There is nothing that amuses me more than reading Apollo magazine flattering very wealthy collectors in terms of their taste using a panoply of euphemisms. In the current Issue, the article titled ‘Master of Ceremony’ features Taiwanese collector, Robert Tsao. The interviewer Susan Moore introduces us to the collector in the following way: ‘Robert Tsao is often described as one of the world’s great collectors of Chinese art, but even this accolade does him something of an injustice. For what is perhaps most remarkable about this astute Taiwanese-born collector is not only the superb quality of his collection but also the diversity of his interests, and the thoughtfulness of his engagement with all works of art’.
So from the very beginning we have an astute, deep and thoughtful ‘Renaissance’ man who clearly thinks a lot of himself for he chose to place himself in front of a large contemporary waterfall painting by the Japanese artist Hiroshi Senju (b.1958) and beside a Chinese painted marble Buddha of the Northern Qi dynasty (around 550-77). Both, collector and deity, share the same pose. The only difference is that the collector still has his hands attached to his body. The image is an image of enthronement. This man thinks himself as an emperor of sorts.
What attracted me to this article is his idea of authenticity (not fake) in works of art and of beauty. He says that ‘if works can touch you they have something in common, no matter whether they are ancient or modern, Eastern or Western’. This phrase is uttered in his principal residence in Taipei where he has built a ‘display room’ for his tomb art and archaic bronzes and early ceramics.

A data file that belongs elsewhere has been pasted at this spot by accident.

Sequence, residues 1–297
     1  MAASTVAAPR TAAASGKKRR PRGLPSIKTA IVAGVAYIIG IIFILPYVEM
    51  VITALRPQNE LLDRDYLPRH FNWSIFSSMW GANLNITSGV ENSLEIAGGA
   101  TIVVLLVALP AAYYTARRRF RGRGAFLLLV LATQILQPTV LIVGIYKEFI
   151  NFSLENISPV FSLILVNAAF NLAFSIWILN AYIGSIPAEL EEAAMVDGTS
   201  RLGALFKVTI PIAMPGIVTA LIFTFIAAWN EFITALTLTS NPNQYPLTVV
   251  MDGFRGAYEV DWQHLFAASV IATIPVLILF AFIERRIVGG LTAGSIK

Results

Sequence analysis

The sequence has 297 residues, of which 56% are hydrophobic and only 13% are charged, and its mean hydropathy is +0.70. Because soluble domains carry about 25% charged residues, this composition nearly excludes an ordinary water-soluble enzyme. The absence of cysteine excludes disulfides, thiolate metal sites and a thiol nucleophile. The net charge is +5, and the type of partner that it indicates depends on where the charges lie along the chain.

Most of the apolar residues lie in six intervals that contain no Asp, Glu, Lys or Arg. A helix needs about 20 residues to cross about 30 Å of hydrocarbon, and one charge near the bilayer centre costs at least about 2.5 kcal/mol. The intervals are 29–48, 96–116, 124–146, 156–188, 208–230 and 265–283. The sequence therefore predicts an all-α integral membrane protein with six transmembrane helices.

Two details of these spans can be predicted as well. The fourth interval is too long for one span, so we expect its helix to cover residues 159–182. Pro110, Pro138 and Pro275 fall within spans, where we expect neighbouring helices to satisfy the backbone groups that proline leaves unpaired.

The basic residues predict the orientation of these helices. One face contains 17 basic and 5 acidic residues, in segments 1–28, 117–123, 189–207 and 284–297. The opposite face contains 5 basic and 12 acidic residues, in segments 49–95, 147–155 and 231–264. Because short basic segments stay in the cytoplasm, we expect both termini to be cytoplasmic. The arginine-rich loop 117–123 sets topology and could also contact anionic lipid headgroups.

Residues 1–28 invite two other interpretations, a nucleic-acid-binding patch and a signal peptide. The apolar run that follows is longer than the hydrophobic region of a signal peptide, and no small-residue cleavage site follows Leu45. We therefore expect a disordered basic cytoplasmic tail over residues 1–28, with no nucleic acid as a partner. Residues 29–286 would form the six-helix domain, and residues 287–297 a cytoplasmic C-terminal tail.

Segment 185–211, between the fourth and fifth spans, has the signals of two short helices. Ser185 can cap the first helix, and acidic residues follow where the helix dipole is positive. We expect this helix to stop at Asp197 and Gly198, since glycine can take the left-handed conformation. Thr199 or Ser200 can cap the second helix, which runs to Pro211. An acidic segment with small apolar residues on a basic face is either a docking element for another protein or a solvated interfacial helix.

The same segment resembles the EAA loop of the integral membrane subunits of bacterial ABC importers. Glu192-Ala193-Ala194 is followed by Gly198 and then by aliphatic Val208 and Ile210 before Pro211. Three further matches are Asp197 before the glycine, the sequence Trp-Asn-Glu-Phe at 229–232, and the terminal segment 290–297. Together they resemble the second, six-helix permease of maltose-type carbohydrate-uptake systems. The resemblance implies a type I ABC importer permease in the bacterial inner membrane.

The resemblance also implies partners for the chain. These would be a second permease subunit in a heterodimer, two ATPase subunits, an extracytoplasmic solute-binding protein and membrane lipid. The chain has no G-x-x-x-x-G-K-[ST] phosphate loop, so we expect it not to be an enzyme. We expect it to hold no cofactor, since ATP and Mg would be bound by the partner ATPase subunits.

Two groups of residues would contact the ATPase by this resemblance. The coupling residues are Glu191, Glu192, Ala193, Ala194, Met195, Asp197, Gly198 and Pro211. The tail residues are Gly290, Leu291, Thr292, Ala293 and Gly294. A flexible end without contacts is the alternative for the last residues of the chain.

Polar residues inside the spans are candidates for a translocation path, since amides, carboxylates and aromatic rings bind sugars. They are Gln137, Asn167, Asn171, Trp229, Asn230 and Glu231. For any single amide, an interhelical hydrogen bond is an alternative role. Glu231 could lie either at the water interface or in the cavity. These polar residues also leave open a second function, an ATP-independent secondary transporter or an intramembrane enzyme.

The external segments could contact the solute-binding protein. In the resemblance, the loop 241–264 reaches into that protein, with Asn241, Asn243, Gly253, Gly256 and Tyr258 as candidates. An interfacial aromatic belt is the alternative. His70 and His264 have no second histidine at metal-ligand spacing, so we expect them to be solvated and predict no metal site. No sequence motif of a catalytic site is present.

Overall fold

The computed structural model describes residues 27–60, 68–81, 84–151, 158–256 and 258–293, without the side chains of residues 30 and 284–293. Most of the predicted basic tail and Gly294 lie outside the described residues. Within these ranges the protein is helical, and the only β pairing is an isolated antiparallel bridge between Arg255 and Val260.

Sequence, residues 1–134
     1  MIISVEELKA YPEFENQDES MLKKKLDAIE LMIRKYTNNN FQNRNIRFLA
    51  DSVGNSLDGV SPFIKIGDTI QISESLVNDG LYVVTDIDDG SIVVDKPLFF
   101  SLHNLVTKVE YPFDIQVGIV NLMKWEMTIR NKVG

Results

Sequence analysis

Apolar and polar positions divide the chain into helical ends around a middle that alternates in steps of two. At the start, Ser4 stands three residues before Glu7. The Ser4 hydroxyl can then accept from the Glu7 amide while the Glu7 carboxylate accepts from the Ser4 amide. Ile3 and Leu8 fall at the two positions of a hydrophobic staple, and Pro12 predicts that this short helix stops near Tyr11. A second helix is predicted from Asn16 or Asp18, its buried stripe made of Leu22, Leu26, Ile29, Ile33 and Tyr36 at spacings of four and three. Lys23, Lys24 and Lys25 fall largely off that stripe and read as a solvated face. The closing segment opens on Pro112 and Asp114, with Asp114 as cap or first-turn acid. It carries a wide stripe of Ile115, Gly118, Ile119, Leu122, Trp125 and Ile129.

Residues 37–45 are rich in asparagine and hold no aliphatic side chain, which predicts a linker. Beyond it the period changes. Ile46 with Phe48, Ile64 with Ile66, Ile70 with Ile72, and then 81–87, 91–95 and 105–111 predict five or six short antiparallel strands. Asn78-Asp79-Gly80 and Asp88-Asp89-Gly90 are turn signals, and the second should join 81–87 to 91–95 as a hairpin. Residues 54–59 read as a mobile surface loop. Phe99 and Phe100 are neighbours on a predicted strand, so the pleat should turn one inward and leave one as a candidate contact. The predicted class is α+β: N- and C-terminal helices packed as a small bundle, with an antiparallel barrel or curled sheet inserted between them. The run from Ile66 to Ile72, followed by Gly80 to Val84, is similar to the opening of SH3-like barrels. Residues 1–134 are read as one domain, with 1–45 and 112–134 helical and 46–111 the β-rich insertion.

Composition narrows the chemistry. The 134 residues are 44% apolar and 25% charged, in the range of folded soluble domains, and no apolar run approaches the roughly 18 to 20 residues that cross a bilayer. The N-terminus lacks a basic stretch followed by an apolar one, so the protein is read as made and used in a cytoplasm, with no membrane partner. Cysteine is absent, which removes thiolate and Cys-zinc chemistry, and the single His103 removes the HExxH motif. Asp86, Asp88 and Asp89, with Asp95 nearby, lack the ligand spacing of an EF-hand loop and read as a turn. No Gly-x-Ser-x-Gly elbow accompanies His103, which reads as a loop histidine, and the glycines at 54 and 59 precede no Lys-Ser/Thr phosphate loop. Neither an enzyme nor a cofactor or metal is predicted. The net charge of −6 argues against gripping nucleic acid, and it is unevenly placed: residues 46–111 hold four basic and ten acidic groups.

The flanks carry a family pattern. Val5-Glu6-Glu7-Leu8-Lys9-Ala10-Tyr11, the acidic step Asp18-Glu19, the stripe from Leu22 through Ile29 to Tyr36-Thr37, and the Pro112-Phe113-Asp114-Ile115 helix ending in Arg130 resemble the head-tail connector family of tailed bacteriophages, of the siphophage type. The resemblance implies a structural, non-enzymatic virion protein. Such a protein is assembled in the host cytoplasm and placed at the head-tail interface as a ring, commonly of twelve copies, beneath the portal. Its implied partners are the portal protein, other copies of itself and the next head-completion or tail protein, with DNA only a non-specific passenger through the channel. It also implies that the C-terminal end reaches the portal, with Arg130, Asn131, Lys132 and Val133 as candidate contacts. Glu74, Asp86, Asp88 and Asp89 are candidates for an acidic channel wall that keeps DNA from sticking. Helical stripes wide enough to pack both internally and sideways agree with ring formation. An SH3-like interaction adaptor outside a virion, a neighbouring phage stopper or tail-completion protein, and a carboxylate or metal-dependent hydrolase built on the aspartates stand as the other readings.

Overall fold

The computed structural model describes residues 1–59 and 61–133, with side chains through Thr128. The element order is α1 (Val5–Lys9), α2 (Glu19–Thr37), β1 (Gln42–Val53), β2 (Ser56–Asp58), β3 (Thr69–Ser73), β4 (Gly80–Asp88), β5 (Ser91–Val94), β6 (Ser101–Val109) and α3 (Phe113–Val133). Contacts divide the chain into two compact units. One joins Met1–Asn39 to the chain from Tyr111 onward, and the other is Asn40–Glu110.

The rest of the interview is dedicated to how he could not recognise forgeries at the beginning (ancient jade carvings) but now, after studying the jades in the National Palace Museum in Taipei he can tell what is what and also knowledge was his. He can tell from an original and a fake because the former ‘is solemn, mysterious and awe-inspiring’. I wonder how he can tell the difference if both look the same.
Then he says: ‘I believe that all human eyes can differentiate between the beautiful and the ugly. The key word in art, and in collecting is comparison. People may find it hard to judge what is good or bad in absolute terms, but if you let them compare two objects, they will all choose the right piece’. What? So connoisseurship functions like democracy? I don’t think so. Besides the idea of beauty in that statement is so complicated and one wonders what makes this kind of ‘knowledge-owning’, ‘beauty-discerning’ wonder man know what the fuck he is talking about. Just a thought.
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